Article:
7 January, 2013, Nick Kilvert
Thousands of recreational drug users are playing the role of human guinea pigs as manufacturers come up with untested compounds to dodge failing drug laws, and scientists are being left in the cold.
That’s the message from Craig Motbey, a University of Sydney School of Psychology researcher currently studying the long-term health affects of a new, untested, and highly addictive party drug, mephedrone.
Results from the research, published in peer-reviewed journal PLOS One last month, describe long-term memory damage in rats that had been exposed to the drug.
Mephedrone is just one of a litany of new drugs to hit the market and Motbey claims that scientists are under the pump. “In 2010 alone, the EU authorities identified 41 brand new psychoactive drugs that had hit the market in that year only, and it is impossible for the research community to keep up with this.”
Ecstasy use has declined world-wide over the last few years as authorities cracked down on the manufacture and distribution of the popular party drug. But Motbey claims this just created a void in the market that has been quickly filled by new and untested chemical compounds.
Motbey argues that the push for new drugs may have catastrophic consequences. “If we’d never banned ecstasy (sic) in the first place, mephedrone would probably never have happened. By reflexively banning relatively less dangerous drugs, we create a continuous push to more dangerous drugs. Prohibition doesn’t make drugs less dangerous, it makes them more dangerous!”
While mephedrone was fetching about 40 Euro a gram on the street, the University of Sydney research team was paying more than $10, 000 a gram to have the drug synthesized in a laboratory. By the time their research was sufficient, thousands of recreational users had ingested the drug.
But Motbey claims, this time, they’ve been relatively lucky. “It’s just a matter of time until they [manufacturers] stumble across something really, really nasty, and we could end up with tens of thousands of people with trashed brains before we even have done a single bit of research.”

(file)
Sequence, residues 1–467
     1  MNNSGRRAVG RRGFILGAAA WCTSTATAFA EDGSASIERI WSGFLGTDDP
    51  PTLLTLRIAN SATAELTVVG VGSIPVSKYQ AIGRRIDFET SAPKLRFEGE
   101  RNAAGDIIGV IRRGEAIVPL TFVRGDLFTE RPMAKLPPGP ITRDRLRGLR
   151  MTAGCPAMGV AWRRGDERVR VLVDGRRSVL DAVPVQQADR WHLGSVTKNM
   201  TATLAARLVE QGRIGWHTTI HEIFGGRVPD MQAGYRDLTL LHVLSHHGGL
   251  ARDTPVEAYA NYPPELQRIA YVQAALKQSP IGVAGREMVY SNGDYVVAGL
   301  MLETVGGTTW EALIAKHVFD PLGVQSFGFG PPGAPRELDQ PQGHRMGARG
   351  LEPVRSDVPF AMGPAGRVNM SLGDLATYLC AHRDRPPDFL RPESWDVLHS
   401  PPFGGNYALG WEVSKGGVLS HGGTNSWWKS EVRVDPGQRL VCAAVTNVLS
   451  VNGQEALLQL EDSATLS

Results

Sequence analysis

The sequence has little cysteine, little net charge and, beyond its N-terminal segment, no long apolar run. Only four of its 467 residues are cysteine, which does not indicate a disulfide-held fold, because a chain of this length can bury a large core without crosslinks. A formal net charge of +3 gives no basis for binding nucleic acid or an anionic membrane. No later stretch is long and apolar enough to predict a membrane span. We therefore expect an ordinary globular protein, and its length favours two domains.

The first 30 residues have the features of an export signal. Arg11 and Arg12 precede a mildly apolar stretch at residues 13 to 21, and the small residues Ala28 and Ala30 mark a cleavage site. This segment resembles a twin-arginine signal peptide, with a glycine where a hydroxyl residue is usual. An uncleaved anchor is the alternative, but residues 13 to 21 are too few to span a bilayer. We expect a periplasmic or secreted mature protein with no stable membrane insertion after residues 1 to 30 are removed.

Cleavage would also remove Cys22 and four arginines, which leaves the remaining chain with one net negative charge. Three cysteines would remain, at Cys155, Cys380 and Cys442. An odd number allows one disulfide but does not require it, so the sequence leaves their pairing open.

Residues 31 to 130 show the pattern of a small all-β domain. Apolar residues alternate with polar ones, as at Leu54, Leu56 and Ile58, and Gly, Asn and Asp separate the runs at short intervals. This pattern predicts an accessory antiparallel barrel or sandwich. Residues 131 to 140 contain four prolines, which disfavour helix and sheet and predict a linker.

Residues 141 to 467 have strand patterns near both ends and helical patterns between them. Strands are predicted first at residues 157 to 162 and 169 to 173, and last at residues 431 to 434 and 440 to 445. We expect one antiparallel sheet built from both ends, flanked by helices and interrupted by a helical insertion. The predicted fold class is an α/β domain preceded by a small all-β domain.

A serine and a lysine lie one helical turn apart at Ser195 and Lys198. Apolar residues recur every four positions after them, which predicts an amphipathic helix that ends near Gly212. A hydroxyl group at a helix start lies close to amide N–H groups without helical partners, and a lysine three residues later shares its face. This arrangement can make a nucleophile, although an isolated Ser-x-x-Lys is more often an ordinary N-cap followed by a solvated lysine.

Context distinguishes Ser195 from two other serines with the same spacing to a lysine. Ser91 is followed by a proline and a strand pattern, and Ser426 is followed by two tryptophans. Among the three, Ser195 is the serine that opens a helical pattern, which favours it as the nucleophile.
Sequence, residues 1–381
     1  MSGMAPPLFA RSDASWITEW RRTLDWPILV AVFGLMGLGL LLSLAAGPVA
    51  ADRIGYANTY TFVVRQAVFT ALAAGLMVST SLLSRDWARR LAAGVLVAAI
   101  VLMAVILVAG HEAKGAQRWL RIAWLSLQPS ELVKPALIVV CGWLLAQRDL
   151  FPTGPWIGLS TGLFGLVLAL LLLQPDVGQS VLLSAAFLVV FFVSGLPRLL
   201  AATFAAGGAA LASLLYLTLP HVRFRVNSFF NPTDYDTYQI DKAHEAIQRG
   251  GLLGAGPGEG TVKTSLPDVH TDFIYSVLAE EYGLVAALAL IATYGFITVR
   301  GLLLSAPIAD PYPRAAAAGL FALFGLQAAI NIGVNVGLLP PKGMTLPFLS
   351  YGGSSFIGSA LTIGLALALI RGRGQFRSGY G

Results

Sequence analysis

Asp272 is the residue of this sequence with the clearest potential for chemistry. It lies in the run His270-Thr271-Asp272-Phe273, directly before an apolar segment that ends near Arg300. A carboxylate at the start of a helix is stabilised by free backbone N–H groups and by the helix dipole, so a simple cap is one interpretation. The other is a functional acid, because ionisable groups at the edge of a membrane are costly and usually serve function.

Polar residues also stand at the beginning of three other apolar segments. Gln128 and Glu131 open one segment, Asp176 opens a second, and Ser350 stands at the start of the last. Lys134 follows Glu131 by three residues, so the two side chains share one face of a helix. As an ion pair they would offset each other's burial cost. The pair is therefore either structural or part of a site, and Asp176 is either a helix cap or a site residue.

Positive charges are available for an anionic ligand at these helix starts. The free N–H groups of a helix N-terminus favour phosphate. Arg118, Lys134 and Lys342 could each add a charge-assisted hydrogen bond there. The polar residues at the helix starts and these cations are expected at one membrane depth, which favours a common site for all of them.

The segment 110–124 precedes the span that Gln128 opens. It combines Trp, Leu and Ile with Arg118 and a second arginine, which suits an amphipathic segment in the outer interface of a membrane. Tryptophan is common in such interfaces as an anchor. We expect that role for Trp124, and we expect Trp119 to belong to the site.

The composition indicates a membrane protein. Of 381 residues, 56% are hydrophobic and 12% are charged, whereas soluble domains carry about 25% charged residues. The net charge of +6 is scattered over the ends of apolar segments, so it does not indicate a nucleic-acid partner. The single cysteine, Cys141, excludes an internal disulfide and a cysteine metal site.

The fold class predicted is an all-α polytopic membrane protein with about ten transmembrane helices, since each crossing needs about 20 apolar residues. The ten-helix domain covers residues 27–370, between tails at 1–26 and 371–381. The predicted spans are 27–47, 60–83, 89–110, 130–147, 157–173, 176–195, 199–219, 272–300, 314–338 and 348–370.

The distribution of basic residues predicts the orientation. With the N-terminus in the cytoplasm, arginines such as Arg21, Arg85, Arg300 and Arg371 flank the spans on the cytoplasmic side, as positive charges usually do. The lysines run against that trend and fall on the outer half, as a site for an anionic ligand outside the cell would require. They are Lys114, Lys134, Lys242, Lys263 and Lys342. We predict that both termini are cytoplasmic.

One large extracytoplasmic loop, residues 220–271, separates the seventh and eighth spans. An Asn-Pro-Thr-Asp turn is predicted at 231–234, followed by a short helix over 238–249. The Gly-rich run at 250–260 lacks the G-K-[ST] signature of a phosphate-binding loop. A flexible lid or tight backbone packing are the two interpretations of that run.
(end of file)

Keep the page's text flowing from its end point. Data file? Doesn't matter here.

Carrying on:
Drugs in the UK fall under the Medicines Act, which works on the chemical make up of a substance. When a compound is identified and banned, minor tweaking of that formula can create a new, legal, and untested product.
In Australia, drug laws are less clearly defined. That is, all chemical compounds of similar structure to an illegal drug, or compounds that may produce similar effects, are themselves illegal.
Motbey says this leaves great room for interpretation by police and the courts. So much so that up to two thirds of Australian backyards may be home to plants containing compounds that can be classified as illegal substances under Australian law.
Calls for an overhaul of Australia’s drugs policy including quality controlled manufacture and distribution of certain substances under a harm minimisation approach, came earlier in the year in a report by research and strategy development group Australia21.
The report, which included contributions from former Howard defense secretary Paul Barratt and former Australian Federal Police commissioner Mick Palmer, was drafted after an open letter signed by a litany of Nobel Prize winners, doctors, UN staff and former presidents such as Jimmy Carter, was sent to the UN declaring the war on drugs a failure.
However, three months down the track and Australian politicians are still mute on the issue. Paul Barratt AO, Chair of Australia21, is not surprised. “It’s one of those sort of ethical-moral issues that governments seem frightened of”, he says.
“It’s very telling that when Julia Gillard responded to our first report saying, ‘Oh no we’re not going to decriminalise it we’re just going to go on supporting the people who are victims of this trade’, why she thinks putting people in jail is an appropriate means of support is beyond me.”
The Australia21 recommendations draw parallels with models from other countries that have decriminalised drugs such as Portugal, Spain, and Italy.
Proponents of the Portuguese system, which decriminalised drugs in 2001, cite falls in HIV, crime, “problematic” drug use, and drug use in the 13-15 year-old age bracket as evidence for the efficacy of drug law reform.
But opponents of reform, including peak lobby group Drug Free Australia, argue that a tough on drugs approach is the only way forward. Drug Free Australia is currently canvassing the idea of introducing drug testing in Australian schools in an attempt to crack down on the teenage demographic.
In contrast, Australia21 are organising a national summit for next year and are calling for a productivity commission report to evaluate the performance of the ‘law and order’ approach to drugs.
But Barratt admits the task of convincing politicians to pick up the issue is a tough one. “The world’s been through this [prohibition] before, and it seems we’re going to have to learn the lessons again”.
Image: “Only a matter of time”, say researchers concerned about the dangers of rapid street drug innovation.
Photo: © Joe Sullivan http://creativecommons.org/licenses/by/2.0/deed.en
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